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  • Level: GCSE
  • Subject: Law
  • Word count: 8003

Law - Resulting trusts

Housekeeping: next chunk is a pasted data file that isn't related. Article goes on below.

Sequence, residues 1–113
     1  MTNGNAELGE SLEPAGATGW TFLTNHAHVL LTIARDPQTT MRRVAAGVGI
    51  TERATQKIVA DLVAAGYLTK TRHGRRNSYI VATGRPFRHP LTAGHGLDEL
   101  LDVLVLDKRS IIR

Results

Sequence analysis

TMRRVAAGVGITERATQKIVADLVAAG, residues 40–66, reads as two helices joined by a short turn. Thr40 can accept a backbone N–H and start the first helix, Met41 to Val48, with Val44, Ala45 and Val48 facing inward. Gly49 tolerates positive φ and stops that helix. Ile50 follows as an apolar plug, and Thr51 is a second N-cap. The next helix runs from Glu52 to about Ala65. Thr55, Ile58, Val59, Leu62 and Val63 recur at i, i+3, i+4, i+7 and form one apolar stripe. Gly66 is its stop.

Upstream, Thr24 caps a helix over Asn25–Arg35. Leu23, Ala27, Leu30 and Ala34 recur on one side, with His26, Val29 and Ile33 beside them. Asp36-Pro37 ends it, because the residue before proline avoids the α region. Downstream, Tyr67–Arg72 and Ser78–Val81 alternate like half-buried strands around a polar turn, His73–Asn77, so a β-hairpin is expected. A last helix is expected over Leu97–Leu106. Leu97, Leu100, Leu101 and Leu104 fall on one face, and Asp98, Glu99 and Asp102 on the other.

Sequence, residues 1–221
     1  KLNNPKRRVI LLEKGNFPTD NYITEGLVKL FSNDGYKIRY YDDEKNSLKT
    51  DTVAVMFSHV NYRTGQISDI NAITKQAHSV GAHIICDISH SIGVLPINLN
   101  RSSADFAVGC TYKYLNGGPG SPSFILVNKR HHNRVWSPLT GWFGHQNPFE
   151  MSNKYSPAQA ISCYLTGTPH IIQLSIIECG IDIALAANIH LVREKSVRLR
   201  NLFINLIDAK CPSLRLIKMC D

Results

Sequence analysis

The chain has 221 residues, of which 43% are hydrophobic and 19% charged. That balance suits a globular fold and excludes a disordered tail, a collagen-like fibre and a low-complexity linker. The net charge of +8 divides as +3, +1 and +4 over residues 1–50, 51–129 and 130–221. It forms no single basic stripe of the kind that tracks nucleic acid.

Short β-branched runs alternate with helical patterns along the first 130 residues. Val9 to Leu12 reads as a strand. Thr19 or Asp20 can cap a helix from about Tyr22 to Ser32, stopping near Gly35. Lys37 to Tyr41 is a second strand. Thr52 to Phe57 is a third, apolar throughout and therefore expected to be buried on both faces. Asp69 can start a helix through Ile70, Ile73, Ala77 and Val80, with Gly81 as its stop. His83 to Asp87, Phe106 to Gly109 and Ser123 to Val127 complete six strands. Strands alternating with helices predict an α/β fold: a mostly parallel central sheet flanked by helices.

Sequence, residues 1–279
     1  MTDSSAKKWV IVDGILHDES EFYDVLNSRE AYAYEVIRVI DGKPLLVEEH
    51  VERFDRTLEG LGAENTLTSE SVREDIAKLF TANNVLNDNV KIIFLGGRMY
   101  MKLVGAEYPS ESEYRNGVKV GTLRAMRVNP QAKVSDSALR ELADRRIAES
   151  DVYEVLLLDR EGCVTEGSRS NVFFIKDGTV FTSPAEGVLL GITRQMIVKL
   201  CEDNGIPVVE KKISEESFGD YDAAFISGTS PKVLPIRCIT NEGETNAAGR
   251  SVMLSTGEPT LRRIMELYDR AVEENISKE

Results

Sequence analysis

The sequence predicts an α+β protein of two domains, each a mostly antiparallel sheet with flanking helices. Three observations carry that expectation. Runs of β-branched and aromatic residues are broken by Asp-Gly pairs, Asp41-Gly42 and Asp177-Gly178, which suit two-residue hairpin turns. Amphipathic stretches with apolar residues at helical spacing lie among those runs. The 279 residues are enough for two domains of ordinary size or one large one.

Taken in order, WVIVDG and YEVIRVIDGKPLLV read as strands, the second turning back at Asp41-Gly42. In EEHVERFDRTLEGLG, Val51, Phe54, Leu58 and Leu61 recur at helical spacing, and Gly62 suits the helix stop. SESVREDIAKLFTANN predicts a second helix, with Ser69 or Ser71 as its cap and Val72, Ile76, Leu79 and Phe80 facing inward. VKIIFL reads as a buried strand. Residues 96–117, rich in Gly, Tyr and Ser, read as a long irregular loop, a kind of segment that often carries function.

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Peter Gibson L.J. began his judgment in Drake v Whipp: "Yet again this court is asked to rule on a dispute between a man and a woman, who cohabited but were not married to each other, as to their respective beneficial interests in a property which they purchased to be their home but which was put into the man's name only. The usual lengthy litany of authorities as well as more recent additions have been recited to us and, as is notorious, it is not easy to reconcile every judicial utterance in this well-travelled area of the law." The above indicates just how frustrated the courts have become with the area of resulting trusts. The years when men did the work and women stayed home and cooked have gone but yet the law still has not changed, women now considered equal as seen in Article 5 Protocol 7 of the European Convention on Human Rights which requiring the law to treat husband and wife equally. This paper will consider the judgments made and reform offered and whether the current general law is adequate. In Re Vandervells Trust No 21 Megarry J. described what a presumed resulting trust was: "The first class of case is where the transfer to B is not made on any trust ... there is a rebuttable presumption that B holds on resulting trust for A. The question is not one of the automatic consequences of a dispositive failure by A, but one of presumption: the property has been carried to B, and from the absence of consideration and any presumption of advancement B is presumed not only to hold the entire interest on trust, but also to hold the beneficial interest for A absolutely. The presumption thus establishes both that B is to take on trust and also what that trust is. Such resulting trusts may be called "presumed resulting trusts" However in Westdeutsche Landesbank Girozentrale v Islington2Lord Browne-Wilkinson said that both types of trusts were examples of trusts giving effect to the common intention of the parties. ...read more.